A Hard Pass By Law Enforcement

The legal maneuvers by Apperta prompted Dyke to go public with the dispute – though he initially declined to name the organization pursuing him – and to hire his own lawyers and to set up a GoFundMe to help offset his legal fees. In an interview with The Security Ledger, Dyke said Apperta’s aggressive actions left him little choice. “(The letter) had the word ‘unlawful’ in there, and I wasn’t about to sign anything that had said I’d committed a criminal offense,” he said.

After interviewing Dyke, law enforcement in the UK declined to pursue a criminal case against him for violating the CMA. However, the researcher’s legal travails have continued all the same.

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Keen to ensure that Dyke deleted the leaked data and application code he downloaded from the organization’s public GitHub repositories, Apperta’s lawyers sent multiple emails instructing Dyke to destroy or immediately deliver the data he found from the security vulnerability; to give confirmation he had not and would not publish the data he “unlawfully extracted;” and to give another confirmation that he had not shared this data with anyone.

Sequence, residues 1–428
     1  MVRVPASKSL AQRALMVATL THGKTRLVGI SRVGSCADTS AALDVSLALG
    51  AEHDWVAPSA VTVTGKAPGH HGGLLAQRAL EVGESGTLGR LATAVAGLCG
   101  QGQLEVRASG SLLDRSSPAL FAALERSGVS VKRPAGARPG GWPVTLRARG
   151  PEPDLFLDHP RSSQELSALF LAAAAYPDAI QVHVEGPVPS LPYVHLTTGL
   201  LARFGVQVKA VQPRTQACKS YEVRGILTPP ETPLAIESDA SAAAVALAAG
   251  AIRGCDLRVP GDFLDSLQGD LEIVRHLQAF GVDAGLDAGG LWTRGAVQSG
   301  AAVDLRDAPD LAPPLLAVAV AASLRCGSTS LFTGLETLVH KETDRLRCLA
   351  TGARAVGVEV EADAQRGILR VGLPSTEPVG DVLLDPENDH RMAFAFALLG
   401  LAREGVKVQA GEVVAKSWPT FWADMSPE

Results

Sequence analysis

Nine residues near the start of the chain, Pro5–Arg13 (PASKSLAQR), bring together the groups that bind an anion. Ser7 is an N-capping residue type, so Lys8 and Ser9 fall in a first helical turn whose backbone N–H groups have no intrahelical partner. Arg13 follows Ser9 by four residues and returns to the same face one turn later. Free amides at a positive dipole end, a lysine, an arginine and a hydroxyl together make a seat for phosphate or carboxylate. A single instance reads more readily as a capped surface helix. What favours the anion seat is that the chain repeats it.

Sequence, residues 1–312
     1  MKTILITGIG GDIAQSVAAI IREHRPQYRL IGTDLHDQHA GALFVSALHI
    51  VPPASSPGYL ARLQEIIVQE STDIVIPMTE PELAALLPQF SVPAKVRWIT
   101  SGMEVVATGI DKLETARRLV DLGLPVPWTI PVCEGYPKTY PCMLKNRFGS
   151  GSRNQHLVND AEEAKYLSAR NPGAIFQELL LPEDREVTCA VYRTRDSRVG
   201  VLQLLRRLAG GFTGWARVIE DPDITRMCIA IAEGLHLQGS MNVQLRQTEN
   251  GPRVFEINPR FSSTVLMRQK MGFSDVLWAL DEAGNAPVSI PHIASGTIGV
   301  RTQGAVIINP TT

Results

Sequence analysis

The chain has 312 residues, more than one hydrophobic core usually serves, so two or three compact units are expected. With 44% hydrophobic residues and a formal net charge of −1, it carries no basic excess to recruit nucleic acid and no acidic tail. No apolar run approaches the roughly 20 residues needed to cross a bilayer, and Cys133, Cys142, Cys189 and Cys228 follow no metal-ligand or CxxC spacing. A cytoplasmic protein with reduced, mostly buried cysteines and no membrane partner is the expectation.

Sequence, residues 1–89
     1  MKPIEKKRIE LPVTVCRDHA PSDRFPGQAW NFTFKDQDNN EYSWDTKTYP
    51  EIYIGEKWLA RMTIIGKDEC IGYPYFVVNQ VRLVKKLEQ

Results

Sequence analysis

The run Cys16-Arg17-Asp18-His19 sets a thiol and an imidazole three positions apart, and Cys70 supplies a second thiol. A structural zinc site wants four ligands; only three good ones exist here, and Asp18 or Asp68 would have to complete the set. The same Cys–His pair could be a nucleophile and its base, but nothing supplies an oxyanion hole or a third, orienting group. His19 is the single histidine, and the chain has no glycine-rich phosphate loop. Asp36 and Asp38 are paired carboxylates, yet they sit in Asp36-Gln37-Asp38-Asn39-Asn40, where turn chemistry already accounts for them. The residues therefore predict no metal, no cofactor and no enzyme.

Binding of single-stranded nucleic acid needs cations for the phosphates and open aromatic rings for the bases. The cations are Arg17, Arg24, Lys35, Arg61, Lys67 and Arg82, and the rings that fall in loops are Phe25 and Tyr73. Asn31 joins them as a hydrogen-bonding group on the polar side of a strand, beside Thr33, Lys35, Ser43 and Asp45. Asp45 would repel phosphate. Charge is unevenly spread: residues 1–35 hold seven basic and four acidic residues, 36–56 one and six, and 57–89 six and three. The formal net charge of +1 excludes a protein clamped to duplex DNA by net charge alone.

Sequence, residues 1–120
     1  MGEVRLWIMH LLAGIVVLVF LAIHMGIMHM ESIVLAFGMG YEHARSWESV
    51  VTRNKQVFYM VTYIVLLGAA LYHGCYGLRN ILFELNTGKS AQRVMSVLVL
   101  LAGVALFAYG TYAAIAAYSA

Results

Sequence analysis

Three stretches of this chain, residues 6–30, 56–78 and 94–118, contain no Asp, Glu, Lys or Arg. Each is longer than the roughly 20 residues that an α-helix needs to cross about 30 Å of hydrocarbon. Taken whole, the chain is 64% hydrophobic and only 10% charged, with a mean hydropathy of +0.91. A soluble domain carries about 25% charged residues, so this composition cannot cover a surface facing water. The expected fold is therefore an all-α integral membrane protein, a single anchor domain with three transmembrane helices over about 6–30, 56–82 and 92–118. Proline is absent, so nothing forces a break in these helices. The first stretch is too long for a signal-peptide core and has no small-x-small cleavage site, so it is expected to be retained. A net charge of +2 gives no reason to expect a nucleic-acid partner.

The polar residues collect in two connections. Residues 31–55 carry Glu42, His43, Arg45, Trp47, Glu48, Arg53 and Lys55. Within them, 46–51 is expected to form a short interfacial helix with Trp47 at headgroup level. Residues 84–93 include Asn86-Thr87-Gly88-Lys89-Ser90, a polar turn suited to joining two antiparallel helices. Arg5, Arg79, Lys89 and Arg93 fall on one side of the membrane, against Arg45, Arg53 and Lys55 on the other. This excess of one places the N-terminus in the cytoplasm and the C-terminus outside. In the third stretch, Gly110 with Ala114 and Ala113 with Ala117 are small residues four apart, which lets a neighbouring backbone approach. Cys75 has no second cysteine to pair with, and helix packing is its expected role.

Dyke insists he deleted the exposed Apperta Foundation data weeks ago, soon after first being asked by the Foundation. Documents provided by Dyke that were sent to Apperta attest that he “destroyed all Apperta Foundation CIC’s data and business information in my possession, the only such relevant material having been collated in February 2021 for the purposes of my responsible disclosure of serious IT security concerns to Apperta of March 2021 (“the Responsible Disclosure Materials”).”

Not Taking ‘Yes’ For An Answer

Nevertheless, Apperta’s legal team found that Dyke’s response was “not an acceptable undertaking,” and that Dyke posed an “imminent further threat” to the organization. Months of expensive legal wrangling ensued, as Apperta sought to force Dyke to delete any and all work he had done for the organization, including code he had developed and licensed as open source. All the while, Dyke fielded correspondence that suggests Apperta was preparing to take him to court. In recent weeks, the Foundation has inquired about his solicitor and whether he would be representing himself legally. Other correspondence has inquired about the best address at which to serve him an injunction and passed along forms to submit ahead of an interim hearing before a judge.